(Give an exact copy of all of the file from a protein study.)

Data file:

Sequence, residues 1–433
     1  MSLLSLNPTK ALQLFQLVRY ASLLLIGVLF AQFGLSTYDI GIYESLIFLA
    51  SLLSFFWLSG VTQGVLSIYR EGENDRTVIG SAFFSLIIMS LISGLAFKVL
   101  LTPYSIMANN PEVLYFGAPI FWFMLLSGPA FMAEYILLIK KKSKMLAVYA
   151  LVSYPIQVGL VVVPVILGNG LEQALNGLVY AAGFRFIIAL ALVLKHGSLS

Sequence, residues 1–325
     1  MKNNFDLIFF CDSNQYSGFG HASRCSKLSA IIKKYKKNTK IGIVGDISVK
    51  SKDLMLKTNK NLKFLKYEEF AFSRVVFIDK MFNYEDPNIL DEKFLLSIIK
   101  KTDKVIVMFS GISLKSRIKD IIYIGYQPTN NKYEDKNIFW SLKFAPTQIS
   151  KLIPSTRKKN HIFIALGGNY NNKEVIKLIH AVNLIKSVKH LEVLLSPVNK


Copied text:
Sequence, residues 1–433
     1  MSLLSLNPTK ALQLFQLVRY ASLLLIGVLF AQFGLSTYDI GIYESLIFLA
    51  SLLSFFWLSG VTQGVLSIYR EGENDRTVIG SAFFSLIIMS LISGLAFKVL
   101  LTPYSIMANN PEVLYFGAPI FWFMLLSGPA FMAEYILLIK KKSKMLAVYA
   151  LVSYPIQVGL VVVPVILGNG LEQALNGLVY AAGFRFIIAL ALVLKHGSLS

Sequence, residues 1–325
     1  MKNNFDLIFF CDSNQYSGFG HASRCSKLSA IIKKYKKNTK IGIVGDISVK
    51  SKDLMLKTNK NLKFLKYEEF AFSRVVFIDK MFNYEDPNIL DEKFLLSIIK
   101  KTDKVIVMFS GISLKSRIKD IIYIGYQPTN NKYEDKNIFW SLKFAPTQIS
   151  KLIPSTRKKN HIFIALGGNY NNKEVIKLIH AVNLIKSVKH LEVLLSPVNK